In most countries, the projected increase in drought probability increases approximately linearly with increasing temperature. The exception is Egypt, where even slight amounts of global warming potentially lead to large increases in drought probability. 

Prof Rachel Warren, leader of the overall study of which this paper is one output, said: “Not only does the area exposed to drought increase with global warming, but it also increases the length of the droughts.  

“In Brazil, China, Ethiopia, and Ghana droughts of longer than two years are projected to occur even in a 1.5 °C warming scenario.” 

In a 2 °C warming scenario, the length of droughts projected in all countries (except India) are projected to exceed three years. In a 3 °C warming scenario, droughts are projected to approach 4–5 years in length and in a 4 °C warming scenario, severe droughts of longer than five years are projected for Brazil and China, with severe drought the new baseline condition. 

Also, the percentage of land projected to be exposed to a severe drought of longer than 12 months in a 30-year period is expected to increase rapidly by the 1.5 °C warming scenario in Brazil, China and Egypt, and in areas of permanent snow and ice in India. 

India and China both have large areas currently under ‘permanent’ ice and snow cover. However, in the 3 °C warming scenario, 90 per cent of these areas are projected to face severe droughts lasting longer than a year in a 30-year period.  

These areas form the headwaters of many major river systems, and thus the water supply for millions of people downstream. Increasing probability and duration of severe drought points to potential declines in water storage in the Chinese Himalayas in the form of snow and ice.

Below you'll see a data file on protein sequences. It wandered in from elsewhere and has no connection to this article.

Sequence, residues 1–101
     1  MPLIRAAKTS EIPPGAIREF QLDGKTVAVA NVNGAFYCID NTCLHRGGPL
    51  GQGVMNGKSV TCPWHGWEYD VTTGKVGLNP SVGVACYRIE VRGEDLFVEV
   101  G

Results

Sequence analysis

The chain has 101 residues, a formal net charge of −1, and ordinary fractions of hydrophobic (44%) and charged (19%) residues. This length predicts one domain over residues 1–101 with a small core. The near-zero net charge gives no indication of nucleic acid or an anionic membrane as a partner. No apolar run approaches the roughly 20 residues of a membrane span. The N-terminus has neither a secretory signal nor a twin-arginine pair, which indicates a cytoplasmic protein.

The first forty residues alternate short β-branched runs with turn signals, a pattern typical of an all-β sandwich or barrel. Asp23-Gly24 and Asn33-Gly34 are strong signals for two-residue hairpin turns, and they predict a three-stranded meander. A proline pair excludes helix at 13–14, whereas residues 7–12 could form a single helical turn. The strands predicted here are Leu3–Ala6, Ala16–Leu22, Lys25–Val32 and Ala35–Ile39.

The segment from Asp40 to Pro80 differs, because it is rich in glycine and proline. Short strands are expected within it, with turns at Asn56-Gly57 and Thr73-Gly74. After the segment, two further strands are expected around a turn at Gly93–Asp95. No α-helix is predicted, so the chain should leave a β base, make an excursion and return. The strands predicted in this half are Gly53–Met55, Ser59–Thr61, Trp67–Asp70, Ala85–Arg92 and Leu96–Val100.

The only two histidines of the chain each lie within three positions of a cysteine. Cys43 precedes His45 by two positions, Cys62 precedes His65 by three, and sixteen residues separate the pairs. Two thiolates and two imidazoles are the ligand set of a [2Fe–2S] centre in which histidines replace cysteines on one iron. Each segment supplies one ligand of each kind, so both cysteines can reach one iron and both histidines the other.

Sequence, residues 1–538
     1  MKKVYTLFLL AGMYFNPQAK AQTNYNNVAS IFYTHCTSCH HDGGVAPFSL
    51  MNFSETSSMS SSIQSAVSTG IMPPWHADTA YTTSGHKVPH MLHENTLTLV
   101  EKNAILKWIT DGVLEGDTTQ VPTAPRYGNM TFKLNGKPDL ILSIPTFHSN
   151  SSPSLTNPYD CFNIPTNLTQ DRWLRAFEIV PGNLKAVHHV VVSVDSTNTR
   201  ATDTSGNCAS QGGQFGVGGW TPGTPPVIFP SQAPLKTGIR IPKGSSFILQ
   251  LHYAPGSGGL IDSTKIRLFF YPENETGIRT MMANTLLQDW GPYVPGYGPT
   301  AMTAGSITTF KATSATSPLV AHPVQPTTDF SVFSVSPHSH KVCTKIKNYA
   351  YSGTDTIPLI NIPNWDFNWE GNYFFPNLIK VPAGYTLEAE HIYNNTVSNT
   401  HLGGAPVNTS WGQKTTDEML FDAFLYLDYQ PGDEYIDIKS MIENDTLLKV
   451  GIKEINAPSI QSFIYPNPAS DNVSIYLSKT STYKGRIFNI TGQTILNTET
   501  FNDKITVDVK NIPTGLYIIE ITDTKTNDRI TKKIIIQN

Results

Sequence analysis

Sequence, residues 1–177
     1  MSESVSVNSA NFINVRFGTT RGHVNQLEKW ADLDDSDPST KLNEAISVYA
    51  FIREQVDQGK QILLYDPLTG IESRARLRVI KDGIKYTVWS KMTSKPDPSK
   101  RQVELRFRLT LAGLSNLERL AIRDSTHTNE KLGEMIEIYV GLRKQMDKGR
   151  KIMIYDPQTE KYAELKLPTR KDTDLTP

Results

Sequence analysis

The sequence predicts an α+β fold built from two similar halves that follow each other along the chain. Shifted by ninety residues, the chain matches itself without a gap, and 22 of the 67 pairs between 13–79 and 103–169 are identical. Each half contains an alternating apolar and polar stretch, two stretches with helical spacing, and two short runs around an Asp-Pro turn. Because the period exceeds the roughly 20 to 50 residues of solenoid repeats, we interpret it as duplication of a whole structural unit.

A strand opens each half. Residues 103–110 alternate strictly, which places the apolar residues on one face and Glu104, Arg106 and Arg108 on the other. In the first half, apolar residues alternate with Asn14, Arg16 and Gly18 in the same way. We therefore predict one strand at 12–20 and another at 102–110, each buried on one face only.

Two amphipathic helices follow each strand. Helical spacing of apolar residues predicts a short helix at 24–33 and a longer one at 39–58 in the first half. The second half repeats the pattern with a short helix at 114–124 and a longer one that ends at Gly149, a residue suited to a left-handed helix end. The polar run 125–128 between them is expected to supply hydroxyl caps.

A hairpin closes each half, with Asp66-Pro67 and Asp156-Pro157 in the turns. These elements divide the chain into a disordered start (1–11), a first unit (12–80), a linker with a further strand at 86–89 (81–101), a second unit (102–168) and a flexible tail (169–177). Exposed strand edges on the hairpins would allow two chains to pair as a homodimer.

Drought can have major impacts on biodiversity, agricultural yields and economies. This study indicates that all six of the countries will need to deal with water stress in the agricultural sector, potentially through shifting crop varieties or through irrigation, if water is available. The amount of adaptation required to cope with this increase in drought therefore increases rapidly with global warming. 

Urban areas fare only slightly better and generally show the same pattern as above. Areas along rivers and streams or with reservoirs may fare better, depending on competition for water resources and headwater sources.  
Prof Warren said: “Meeting the Paris Accords could have major benefits in terms of reducing severe drought risk in these six countries, in all major land cover classes and for large percentages of the population worldwide.  

“This requires urgent global scale action now to stop deforestation (including in the Amazon) in this decade, and to decarbonize the energy system in this decade, so that we can reach global net zero greenhouse gas emissions by 2050.” 

‘Quantification of meteorological drought risks between 1.5 °C and 4 °C of global warming in six countries’, was published in Climatic Change on 28 September 2022. DOI : 10.1007/s10584-022-03359-2